For instance, the response shows the reformism of his formulation: “A revolutionary organization has to be integrated into the struggles of the people—directly in its own name while connecting with (or initiating) a variety of other organizations. And it has to draw the thinking activity of people toward creatively-conceived communist solutions to this awful capitalist present....” It isn’t immediately obvious, just reading the formulation, that this is talking about “solutions” short of revolution, within this system, rather than starting by overthrowing it. And you cut through the eclectics to lay bare this is the essence, and how and why this is exactly the opposite of leading the masses to make communist revolution.

The same with the formulation about “communists need a culture of organizing people to wage sharp struggle over major questions of society. And we need a deeply creative new sense of how to bring revolutionary understandings to those who want to change the world.” You summarize the essence, that at best it means communists being “generators and leaders of mass struggles—with communist and revolutionary principles and goals unfolded out of that” (which is a conception that still influences many people). Then you pose the two lines on how to determine what the “major struggles” are: a scientific assessment of what things concentrate the nature of the system and “an analysis of how this all fits into a strategy of repolarizing society for revolution”; or by seeing whatever struggles are attracting the biggest mass following at a particular time.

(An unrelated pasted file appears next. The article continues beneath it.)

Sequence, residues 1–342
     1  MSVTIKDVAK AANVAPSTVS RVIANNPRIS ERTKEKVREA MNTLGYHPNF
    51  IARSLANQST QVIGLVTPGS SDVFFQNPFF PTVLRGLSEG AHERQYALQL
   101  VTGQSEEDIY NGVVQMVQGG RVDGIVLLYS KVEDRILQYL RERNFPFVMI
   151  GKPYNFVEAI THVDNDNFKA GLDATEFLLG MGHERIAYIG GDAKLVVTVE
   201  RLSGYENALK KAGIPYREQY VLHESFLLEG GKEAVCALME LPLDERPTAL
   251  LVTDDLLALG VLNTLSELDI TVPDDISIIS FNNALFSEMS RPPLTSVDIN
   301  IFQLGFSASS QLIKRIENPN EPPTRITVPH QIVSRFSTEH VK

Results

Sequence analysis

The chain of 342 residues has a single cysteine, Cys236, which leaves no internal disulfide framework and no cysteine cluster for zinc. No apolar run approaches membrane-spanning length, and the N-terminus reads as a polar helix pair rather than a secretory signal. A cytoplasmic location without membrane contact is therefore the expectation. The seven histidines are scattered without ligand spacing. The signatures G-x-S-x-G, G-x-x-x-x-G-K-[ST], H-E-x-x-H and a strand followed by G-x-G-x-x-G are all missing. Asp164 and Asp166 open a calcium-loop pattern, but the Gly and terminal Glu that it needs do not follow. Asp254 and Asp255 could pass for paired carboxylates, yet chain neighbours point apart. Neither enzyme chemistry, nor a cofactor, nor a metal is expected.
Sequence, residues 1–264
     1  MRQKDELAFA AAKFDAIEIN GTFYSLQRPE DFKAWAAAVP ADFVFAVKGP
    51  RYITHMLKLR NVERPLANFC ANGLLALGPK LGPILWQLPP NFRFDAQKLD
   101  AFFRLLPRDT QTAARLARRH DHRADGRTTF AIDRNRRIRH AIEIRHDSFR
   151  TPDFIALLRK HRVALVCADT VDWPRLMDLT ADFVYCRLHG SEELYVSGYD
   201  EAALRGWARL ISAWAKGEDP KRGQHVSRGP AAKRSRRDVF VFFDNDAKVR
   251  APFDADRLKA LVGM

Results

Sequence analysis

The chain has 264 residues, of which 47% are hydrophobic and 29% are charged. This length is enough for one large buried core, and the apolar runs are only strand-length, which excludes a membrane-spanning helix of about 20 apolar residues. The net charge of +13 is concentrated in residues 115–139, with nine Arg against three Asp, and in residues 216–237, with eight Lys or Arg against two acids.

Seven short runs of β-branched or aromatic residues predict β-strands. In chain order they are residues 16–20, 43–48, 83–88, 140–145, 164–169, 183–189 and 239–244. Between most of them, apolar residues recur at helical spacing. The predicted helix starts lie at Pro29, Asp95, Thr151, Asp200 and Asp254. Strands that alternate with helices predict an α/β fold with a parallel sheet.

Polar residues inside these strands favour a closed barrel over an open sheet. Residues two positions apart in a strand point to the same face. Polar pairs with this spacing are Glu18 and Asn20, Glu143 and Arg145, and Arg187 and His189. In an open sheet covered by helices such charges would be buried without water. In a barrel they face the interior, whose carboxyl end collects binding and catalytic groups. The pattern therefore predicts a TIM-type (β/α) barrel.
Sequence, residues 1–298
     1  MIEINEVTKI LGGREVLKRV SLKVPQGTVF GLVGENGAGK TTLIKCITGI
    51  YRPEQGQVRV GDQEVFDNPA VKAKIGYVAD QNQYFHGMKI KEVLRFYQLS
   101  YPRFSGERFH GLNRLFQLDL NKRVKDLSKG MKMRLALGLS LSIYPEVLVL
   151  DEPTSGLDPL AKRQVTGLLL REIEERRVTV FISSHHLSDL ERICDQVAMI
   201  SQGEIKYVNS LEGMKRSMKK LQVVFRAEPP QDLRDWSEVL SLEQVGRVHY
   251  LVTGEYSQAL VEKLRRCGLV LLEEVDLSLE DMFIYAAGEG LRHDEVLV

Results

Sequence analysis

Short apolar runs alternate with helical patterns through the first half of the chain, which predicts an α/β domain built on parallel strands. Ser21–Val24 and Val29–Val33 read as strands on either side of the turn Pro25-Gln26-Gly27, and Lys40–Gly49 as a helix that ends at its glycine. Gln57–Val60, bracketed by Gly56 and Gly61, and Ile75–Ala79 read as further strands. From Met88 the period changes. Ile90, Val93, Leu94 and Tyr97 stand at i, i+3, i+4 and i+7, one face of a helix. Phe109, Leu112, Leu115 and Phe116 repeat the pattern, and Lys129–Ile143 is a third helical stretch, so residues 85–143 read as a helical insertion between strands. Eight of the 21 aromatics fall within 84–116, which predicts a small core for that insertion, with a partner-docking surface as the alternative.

Then you get into the two lines on what “revolutionary understandings” are to be brought, and from there show how this is classic economism—building struggles to attract forces, cutting this off from revolution and communism, it becomes an end in itself, and the only criterion is the number of forces attracted, and ultimately it becomes “the movement is everything, the final aim nothing.” You make very clear what the real difference is, and is not: it is not whether or not communists need to lead movements and struggles around key questions—but whether this is to be done as an end in itself (and only to the degree large numbers are already moving around particular questions) or “to lead those movements with ideological and political work that contributes to communist revolution...and with methods of leadership that rely on and unleash the masses.” The point you make about the need to “combat the spontaneous striving of the masses to come under the wing of the bourgeoisie,” and the example from the anti-war movement about “support the troops” is very good. Then, the more overall demarcation: approaching all this from the standpoint of serving the struggle for revolution and communism vs. subordinating and burying these goals beneath the particular struggles, or promoting the illusion that they will be brought forth spontaneously—or somehow emerge organically—out of such struggles...“the essence of an economist revisionist line.”